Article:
• 11. 11environment, highlighting how the recurrence of interrelationships between perceptions,emotions and actions become incarnate in her personal experience.This organizational pattern takes the form of a strange attractor, in which the emotionalaspect is the central point of activity, the diaphragm, between perceiving and acting,between the emergence of the inner world and the emergence of contextual outer world,between the self and the other, along a circle that repeats itself endlessly, and yet isfinished, closing the space of possibilities - the phase space.The learning process structures a knowledge embodied in the person that is expressed inher behavior, her language, her emotions, her perceptions, and that defines her history andmemory. The recurrent experience becomes a know how of the person, which manifestsitself in the naturalness of everyday life [11]. It is a dynamic and evolving process, a reallearning process: the process of learning is a process of signification, in which any action,any interaction, has a meaning within a coherent network of meanings. It is this body ofskills ready to be activated automatically without the need to think up that we can define,together with Francisco Varela, as the know-how embodied in the person: it is the abilityto immediately cope with the surrounding world, that readiness for action that allows theemergence of micro-worlds within which a person can easily move [37].Therefore, the structure of the living being embodies the history of its continual changes;this process of ongoing structural changes keeps firm the identity of the subject. Throughthis cognitive process we define our own identity, with reference to our environment, as aform of differentiation of ourselves from the environment. The Self-Other Relationship Self- as generative circle of reality The Other The Self (Outer World) (Inner World)The emergence of our inner world, according to this analysis, is something intangible andnot concretely defined. This is in fact a process that can emerge from the intertwinedelements and their iteration, namely the continuous repetition of similar phenomena,although never identical, giving rise to a seemingly constant reality, as something stable,although always in motion and always co-determining in a seamless flow.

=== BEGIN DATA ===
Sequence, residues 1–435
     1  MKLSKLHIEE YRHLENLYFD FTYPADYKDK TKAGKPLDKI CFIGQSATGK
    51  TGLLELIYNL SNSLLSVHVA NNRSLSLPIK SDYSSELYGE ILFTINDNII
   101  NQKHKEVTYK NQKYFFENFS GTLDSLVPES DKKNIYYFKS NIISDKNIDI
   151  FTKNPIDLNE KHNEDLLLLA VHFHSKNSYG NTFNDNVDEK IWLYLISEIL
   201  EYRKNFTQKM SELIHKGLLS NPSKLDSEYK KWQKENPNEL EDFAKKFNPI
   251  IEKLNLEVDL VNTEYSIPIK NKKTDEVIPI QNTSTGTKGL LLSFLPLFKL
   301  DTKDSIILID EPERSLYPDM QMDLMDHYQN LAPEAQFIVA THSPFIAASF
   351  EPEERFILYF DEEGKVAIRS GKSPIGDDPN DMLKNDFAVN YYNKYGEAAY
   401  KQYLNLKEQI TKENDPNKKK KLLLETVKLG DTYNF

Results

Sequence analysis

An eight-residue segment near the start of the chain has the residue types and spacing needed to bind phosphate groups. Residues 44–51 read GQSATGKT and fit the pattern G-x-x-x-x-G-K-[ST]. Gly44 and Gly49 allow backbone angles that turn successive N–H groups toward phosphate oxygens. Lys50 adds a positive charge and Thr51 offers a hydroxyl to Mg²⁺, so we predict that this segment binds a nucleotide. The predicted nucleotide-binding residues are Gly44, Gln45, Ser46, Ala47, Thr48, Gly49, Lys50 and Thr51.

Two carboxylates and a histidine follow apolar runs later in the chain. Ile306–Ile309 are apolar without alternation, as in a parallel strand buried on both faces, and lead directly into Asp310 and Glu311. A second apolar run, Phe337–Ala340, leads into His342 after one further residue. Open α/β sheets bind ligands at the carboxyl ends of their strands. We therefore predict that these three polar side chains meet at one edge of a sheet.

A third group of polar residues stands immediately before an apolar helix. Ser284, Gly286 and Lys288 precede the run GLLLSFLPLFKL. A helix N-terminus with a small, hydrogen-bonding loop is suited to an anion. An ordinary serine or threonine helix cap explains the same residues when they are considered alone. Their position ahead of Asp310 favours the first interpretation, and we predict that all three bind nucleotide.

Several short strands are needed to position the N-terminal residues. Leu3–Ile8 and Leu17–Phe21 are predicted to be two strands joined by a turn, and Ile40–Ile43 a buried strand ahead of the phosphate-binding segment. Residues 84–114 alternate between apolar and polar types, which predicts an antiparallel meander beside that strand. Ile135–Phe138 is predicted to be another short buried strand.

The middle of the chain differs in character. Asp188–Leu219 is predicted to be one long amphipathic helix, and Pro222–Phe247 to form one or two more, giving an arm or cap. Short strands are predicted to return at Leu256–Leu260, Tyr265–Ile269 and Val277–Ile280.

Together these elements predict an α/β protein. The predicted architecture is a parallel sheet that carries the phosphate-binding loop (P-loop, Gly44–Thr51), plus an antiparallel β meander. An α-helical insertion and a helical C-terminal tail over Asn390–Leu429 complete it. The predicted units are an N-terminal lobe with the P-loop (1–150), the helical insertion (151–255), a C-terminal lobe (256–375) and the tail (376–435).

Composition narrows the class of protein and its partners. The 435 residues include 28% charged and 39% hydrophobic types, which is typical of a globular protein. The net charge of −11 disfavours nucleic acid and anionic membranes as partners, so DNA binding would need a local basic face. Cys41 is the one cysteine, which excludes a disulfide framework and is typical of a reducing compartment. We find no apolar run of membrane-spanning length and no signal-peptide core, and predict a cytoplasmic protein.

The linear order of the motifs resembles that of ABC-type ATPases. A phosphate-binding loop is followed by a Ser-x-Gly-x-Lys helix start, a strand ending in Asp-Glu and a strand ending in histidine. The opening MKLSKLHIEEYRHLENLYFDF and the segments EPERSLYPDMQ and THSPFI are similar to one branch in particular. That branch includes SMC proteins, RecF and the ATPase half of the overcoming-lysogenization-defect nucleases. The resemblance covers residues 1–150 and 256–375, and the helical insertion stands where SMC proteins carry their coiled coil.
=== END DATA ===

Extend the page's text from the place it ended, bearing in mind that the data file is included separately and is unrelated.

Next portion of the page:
• 12. 128 Concluding remarkesIn the generative „Magic Eight Model‟, cognition is represented as a process oftransformation of the person, both inside and outside herself, changing her internal worldand, simultaneously, changing her own context.The emergence of what we call our „identity‟ is therefore a circular relationship with theemergence of what we call our „reality‟; the self is a continuous process of realignment, inwhich our identity can not be defined separately as something with an actual existence,but rather as a process of continual transformation, a co-definition of the self mutuallywith the co-definition of the other. Our outer world - the other - and our inner world - theself - move in a mutual becoming, in a process of co-determination, that only an attemptto objectify it can try forcibly to separate.The other does not exist per se, but for what we perceive as another identity; it isgenerated by a cognitive act giving it a meaning, a description as another identity.Through our cognitive acts – touching, speaking, perceiving – we communicate our innerworld generating the outer world, and vice versa, in a mutual specification. This processis generative only if we acknowledge the other with whom we dependently co-generate.It becomes an infinite and indefinite iteration at the same time, that does not begin andend anywhere, with the emergence of coherent meanings in a common cognitive domain.Learning can thus be seen as a process of cooperation and mutual coordination, in whichthe relational aspect becomes the foundation of all knowledge. Through the personalperception of the world in which we take part with an action, the domains of self andother are intertwined making it impossible to remain outside.References 1. H. J. Barkow, L. Cosmides and J. Tooby, The adaptive mind: evolutionary psychology and the generation of culture, (1995) 2. V. Bonnardel and J.F. Varela, in Biological Research (1) 36, (2003) 3. M. Cappuccio, Neurofenomenologia. Le scienze della mente e la sfida dell’esperienza cosciente, (Bruno Mondadori, Milano, 2006) 4. S.P. Churchland and J.T. Sejnowski, The computational brain, (MIT Press, 1994) 5. A. Clark, Being there: putting brain, body, and world together again, (MIT Press, 1998) 6. A. Clark, in Trends in Cognitive Sciences (3) 9, (1999) 7. F. Crick and C. Koch, in Seminars in the Neurosciences 2, 263:275, (1990) 8. A. Damasio, L’errore di Cartesio. Emozione, ragione e cervello umano, (Adelphi, Milano, 2005) 9. N. Depraz, J.F. Varela and P. Vermersch, On Becoming Aware, (John Benjamins Publishing Company, 2003)10. M. De Simone and D. Simoncini, Il Mago e Il Matto, (MacGraw Hill, Milano, 2008)11. M. De Simone and D. Simoncini, in Etica, Economia, Società. Sistemi sociali ed economici in transizione, 115:165, (Edizioni Universitarie Romane, Roma, 2010)12. M. De Simone and D. Simoncini, in Persone e Conoscenze 59, 55:59, (2010)